Mykola is a java backend developer (calls himself full-stack). He has a keen interest in CI/CD, testing, and everything that helps to move faster without breaking too many things. Since 2015 he works at bol.com, one of the biggest online retailers of the Netherlands.
Do your automated tests serve you well? Or does it seem like they are deliberately getting in a way, slowing down any change? Has the “given”’s preparation become an arduous journey littered with shortcuts? Ever increasing delivery pace raises the bar for the test automation quality. Many teams are good at producing decent test coverage, but often at the price of tests maintainability, which can quickly become a bottleneck. Advanced testing frameworks like Cucumber, Spock, etc., can bring remedy to some of these pains, but add its own complexity, overhead and compromises. With the help of Kotlin’s language features such as named functional parameters, default parameter values, and especially DSLs (Type-Safe Builders), the expressiveness of tests can be drastically improved. Add a modern assertion framework like AssertJ, and even plain JUnit can be a very versatile testing tool for both unit- and functional testing with relatively low overhead and entry barrier. This demo will show how to use the features of Kotlin to fight the rising complexities of the automated test data preparation. The material is based on the real-world experience of using Kotlin for testing of backend micro-services (Kotlin or vanilla Java) at bol.com - one of the largest webshops in the Netherlands.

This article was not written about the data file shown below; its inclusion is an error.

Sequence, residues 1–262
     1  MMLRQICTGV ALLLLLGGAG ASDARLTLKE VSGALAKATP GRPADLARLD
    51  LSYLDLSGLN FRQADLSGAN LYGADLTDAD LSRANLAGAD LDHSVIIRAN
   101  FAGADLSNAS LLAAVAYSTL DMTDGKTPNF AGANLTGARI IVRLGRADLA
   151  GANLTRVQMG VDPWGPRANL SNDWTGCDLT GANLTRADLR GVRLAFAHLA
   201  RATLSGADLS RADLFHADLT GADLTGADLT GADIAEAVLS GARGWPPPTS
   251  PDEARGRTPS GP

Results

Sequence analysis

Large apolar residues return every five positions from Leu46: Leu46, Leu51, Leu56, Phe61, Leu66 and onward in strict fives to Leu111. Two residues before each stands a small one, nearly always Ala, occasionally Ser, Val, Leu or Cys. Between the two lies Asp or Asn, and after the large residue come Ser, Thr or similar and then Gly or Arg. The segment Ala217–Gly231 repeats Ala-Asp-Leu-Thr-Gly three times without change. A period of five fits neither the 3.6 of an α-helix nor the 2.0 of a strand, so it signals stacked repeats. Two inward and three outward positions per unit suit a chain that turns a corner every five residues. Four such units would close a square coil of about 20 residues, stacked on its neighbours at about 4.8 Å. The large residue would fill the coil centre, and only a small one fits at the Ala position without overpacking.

Scheduled on Saturday from 17:30 to 18:20 in Room 4
Thorough testing before merging to master is great, but it doesn’t reveal the unknowns. Staging on shared environments tends to be slow, unreliable and costly to support. Why not just learn from the only true environment by conducting safe and efficient experiments? This talk is based on my experience of increasing the delivery rate within the context of back-end systems of bol.com (one of the biggest online retailers of the Netherlands; logistics and purchasing domains), where correctness is often a bigger concern than performance, and recovery might require a bit more than users hitting the refresh button of their browser. Testing on production is often associated with A/B testing or canary releases, but those aren't always the best - or even applicable - techniques. We’ll look instead at shadow and dry runs, controlled experiments, survival of the fittest; how to apply these techniques and what to be aware of.
Scheduled on Saturday from 14:25 to 14:50 in Room 5